At the same time that the pre-brake signal 111 is sent the driver warning 190 (as shown in FIG. 3) is also activated. The driver warning 190 could be a visual indicator, audio indicator, or both. The driver warning 190, or the deceleration of the leading car 410, will eventually be noticed by the driver of the highly intelligent vehicle 150 who will then hit the brake pedal. When brake pedal of vehicle 150 is hit, the brake light assembly 100 will continue to illuminate until the break pedal is released (FIG. 5, warning state 528).

Thus, in this scenario with this embodiment, the following driver will be given valuable seconds to respond and avoid a collision and its result damage and injury.

Various embodiments of novel brake light assemblies are shown in the parent application.

FIG. 5 is a flow chart illustrating a method aspect of the brake warning system. The method starts a 510. At step 512, the system monitors current inputs for various input devices including remote sensing devices 170 (such as RADAR, LIDAR, or video). Next, at step 514, the system determines the context that the vehicle is in for example in relation to other vehicles (e.g. 410, 420) or other obstacles 400, as well as vehicle location/direction (e.g. via GPS and digital maps), linear speed, wheel rotation speeds, and current driver's actions (e.g. turn signaling 230, braking 122, shifting 162, reversing 123, etc.) Next, the processor 300 determines, at step 516, what the virtual competent driver 140 would do. At decision 518, the system determines if the driver's reaction is the same as the virtual competent driver 140, if it is, then flow continues along path 520 back to the monitor inputs step 512.

If at decision 518, the system determines that the driver's reaction is not the same as the virtual competent driver 140, flow continues to decision 522. At decision 522, the system determines if braking is required. If not, flow continues along no action path 524. (In other embodiments other types of actions could also be evaluated such as whether or not lane change would be advised—see Appendix A). If braking is required, then at step 526 the system sends a warning signal (111, 190), and flow continues in a warning state along path 528 back to step 512.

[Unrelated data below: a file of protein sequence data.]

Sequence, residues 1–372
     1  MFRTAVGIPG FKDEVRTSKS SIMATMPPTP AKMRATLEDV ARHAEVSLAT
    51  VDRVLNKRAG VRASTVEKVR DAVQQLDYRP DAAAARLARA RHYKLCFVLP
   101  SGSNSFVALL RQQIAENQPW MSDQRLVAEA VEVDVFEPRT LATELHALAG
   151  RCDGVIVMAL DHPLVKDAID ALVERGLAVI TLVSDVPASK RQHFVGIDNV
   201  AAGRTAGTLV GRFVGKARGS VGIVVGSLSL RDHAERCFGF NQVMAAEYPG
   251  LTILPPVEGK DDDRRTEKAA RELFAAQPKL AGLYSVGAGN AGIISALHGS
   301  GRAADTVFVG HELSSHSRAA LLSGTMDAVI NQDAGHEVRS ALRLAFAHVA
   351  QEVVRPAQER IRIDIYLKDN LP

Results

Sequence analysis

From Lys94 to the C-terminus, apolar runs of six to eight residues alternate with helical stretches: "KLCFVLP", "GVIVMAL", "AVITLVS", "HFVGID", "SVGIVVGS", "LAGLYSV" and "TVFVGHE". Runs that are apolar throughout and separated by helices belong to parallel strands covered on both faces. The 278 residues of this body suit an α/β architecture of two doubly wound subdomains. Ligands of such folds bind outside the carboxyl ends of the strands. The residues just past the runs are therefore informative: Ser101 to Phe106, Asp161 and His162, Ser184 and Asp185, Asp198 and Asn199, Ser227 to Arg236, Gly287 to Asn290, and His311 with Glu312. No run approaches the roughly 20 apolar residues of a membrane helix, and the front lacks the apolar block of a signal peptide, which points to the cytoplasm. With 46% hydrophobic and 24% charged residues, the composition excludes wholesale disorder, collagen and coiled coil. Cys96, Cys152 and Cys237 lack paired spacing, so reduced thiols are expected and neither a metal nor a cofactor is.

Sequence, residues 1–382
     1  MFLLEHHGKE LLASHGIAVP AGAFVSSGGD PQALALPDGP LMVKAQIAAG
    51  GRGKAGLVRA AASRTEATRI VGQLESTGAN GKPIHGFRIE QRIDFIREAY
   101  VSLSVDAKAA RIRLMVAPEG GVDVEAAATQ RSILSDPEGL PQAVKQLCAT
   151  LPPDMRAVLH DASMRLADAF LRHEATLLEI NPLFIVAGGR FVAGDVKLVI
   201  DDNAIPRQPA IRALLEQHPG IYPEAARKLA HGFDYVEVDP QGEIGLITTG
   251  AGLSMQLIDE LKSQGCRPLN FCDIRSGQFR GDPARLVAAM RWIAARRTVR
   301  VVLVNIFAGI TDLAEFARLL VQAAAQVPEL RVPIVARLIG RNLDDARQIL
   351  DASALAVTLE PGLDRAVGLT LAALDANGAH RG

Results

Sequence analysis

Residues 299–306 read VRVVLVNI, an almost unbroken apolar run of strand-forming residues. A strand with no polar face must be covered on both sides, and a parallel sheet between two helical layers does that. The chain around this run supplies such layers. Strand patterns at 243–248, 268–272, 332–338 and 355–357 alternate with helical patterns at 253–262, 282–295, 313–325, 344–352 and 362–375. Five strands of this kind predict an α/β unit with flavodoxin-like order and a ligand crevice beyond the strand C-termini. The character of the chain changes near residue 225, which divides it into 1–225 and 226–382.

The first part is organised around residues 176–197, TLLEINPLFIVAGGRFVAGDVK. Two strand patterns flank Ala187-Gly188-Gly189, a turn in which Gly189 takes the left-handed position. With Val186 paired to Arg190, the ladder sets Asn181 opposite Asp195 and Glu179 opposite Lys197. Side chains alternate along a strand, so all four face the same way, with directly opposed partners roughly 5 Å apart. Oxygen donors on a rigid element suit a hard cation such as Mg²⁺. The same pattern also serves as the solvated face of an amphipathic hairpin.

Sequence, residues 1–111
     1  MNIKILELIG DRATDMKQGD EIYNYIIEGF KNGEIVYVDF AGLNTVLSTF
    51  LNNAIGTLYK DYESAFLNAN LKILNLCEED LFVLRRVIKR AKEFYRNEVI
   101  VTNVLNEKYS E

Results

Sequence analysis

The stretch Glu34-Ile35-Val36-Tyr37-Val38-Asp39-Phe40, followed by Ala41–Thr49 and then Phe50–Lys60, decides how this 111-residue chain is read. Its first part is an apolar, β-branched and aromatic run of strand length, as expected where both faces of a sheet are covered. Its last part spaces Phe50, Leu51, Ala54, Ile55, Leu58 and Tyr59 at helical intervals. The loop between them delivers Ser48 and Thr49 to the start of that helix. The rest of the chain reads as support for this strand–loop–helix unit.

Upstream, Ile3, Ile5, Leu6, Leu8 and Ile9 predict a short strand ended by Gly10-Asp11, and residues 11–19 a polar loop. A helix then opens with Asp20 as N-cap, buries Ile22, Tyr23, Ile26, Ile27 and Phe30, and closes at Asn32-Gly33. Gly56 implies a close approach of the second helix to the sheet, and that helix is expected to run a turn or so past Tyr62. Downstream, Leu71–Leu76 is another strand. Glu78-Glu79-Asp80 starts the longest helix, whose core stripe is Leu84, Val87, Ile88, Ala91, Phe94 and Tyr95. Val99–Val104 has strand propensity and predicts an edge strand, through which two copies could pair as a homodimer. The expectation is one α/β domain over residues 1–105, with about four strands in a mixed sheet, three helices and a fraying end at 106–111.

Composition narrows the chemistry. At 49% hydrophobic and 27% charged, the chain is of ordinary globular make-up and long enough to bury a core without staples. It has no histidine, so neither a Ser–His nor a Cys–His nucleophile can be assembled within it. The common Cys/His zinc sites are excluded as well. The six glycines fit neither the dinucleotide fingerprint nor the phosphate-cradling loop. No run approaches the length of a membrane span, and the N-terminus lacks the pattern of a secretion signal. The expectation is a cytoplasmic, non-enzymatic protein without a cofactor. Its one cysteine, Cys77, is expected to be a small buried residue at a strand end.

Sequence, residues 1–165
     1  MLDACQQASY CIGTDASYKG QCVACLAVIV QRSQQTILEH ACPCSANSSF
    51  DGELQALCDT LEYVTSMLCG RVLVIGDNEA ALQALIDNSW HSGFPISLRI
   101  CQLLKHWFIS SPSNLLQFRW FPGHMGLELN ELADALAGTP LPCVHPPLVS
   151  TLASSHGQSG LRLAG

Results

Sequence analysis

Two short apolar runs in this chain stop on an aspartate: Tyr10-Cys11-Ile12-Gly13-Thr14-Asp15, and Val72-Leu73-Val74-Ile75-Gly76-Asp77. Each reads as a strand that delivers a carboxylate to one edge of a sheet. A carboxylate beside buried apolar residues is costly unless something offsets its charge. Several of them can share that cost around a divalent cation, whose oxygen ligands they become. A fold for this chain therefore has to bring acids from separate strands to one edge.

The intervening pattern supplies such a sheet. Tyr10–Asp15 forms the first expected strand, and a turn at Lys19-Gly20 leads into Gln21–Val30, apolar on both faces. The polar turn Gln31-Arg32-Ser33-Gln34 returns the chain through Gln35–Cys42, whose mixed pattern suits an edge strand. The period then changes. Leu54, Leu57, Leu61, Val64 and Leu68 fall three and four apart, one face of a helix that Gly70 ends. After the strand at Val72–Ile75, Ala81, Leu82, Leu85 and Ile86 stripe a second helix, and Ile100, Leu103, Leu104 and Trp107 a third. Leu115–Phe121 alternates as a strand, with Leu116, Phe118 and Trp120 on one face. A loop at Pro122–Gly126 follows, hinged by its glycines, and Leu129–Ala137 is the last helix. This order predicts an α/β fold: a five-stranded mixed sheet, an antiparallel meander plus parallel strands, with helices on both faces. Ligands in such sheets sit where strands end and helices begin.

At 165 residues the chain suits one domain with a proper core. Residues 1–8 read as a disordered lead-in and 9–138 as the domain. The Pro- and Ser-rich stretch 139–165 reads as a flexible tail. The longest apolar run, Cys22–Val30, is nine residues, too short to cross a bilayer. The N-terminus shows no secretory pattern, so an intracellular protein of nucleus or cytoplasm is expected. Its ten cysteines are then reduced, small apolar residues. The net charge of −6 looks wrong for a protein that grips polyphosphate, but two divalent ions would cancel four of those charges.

ADDITIONAL EMBODIMENTS

In some embodiments the warning system will store current physical data, vehicle context, determined unsafe conditions, virtual competent driver actions, recommended driver actions, and warning signals. One of more of these may be reported in a trip report.

In one embodiment, trip reports are generated for the semi-trailer trucks of a trucking company, and are transmitted to the trucking company to evaluate and improve truck driver safety.

Other types of trip reports could be used for bus, train, or other vehicles.

CONCLUSION, RAMIFICATION, AND SCOPE

Accordingly, the reader will see that the improved intelligent vehicle with a virtual competent driver and brake light repeater will increase driving safety and significant reduce damage to vehicles and occupants of those vehicles.

While the above descriptions contain several specifics these should not be construed as limitations on the scope of the invention, but rather as examples of some of the preferred embodiments thereof. Many other variations are possible. For example, different types of expected driver actions could be determined and recommended by the driver warning system. Further, in the brake warning state other steps could be added, for example, if the driver brakes the warning indicator could be turned off. Further, some of these novel concepts are not limited to cars, trucks, and buses but could be used in other types of vehicles such as trains and airplanes. The variations could be used without departing from the scope and spirit of the novel features of the present invention.

Accordingly, the scope of the invention should be determined not by the illustrated embodiments, but by the appended claims and their legal equivalents.